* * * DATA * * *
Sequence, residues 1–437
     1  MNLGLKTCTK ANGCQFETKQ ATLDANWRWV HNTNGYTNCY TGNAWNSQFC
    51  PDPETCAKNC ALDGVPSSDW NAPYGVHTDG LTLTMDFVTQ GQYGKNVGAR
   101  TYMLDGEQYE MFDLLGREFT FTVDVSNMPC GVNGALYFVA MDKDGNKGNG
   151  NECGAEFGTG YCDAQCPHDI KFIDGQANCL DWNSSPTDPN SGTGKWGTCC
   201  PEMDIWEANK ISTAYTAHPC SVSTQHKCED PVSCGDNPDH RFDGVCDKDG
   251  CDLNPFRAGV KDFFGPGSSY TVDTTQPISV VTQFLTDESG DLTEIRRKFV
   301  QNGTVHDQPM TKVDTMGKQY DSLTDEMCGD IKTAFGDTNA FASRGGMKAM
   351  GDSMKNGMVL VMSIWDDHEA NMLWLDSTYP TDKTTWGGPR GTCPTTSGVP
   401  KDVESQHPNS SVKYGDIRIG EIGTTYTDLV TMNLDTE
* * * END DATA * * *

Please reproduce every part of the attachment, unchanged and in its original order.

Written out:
Sequence, residues 1–437
     1  MNLGLKTCTK ANGCQFETKQ ATLDANWRWV HNTNGYTNCY TGNAWNSQFC
    51  PDPETCAKNC ALDGVPSSDW NAPYGVHTDG LTLTMDFVTQ GQYGKNVGAR
   101  TYMLDGEQYE MFDLLGREFT FTVDVSNMPC GVNGALYFVA MDKDGNKGNG
   151  NECGAEFGTG YCDAQCPHDI KFIDGQANCL DWNSSPTDPN SGTGKWGTCC
   201  PEMDIWEANK ISTAYTAHPC SVSTQHKCED PVSCGDNPDH RFDGVCDKDG
   251  CDLNPFRAGV KDFFGPGSSY TVDTTQPISV VTQFLTDESG DLTEIRRKFV
   301  QNGTVHDQPM TKVDTMGKQY DSLTDEMCGD IKTAFGDTNA FASRGGMKAM
   351  GDSMKNGMVL VMSIWDDHEA NMLWLDSTYP TDKTTWGGPR GTCPTTSGVP
   401  KDVESQHPNS SVKYGDIRIG EIGTTYTDLV TMNLDTE